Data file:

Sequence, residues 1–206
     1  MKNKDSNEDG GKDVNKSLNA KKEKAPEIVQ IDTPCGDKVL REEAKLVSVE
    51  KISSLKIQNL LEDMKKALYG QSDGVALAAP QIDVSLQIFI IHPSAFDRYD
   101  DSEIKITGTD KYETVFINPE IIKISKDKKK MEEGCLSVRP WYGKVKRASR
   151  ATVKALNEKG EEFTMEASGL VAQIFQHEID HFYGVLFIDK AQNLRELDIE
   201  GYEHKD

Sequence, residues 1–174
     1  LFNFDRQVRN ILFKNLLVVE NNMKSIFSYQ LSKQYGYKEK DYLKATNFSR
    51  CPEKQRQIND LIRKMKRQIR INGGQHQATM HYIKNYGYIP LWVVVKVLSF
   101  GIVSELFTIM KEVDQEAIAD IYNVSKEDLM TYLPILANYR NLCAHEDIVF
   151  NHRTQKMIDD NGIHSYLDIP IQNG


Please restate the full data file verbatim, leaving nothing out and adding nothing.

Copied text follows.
Sequence, residues 1–206
     1  MKNKDSNEDG GKDVNKSLNA KKEKAPEIVQ IDTPCGDKVL REEAKLVSVE
    51  KISSLKIQNL LEDMKKALYG QSDGVALAAP QIDVSLQIFI IHPSAFDRYD
   101  DSEIKITGTD KYETVFINPE IIKISKDKKK MEEGCLSVRP WYGKVKRASR
   151  ATVKALNEKG EEFTMEASGL VAQIFQHEID HFYGVLFIDK AQNLRELDIE
   201  GYEHKD

Sequence, residues 1–174
     1  LFNFDRQVRN ILFKNLLVVE NNMKSIFSYQ LSKQYGYKEK DYLKATNFSR
    51  CPEKQRQIND LIRKMKRQIR INGGQHQATM HYIKNYGYIP LWVVVKVLSF
   101  GIVSELFTIM KEVDQEAIAD IYNVSKEDLM TYLPILANYR NLCAHEDIVF
   151  NHRTQKMIDD NGIHSYLDIP IQNG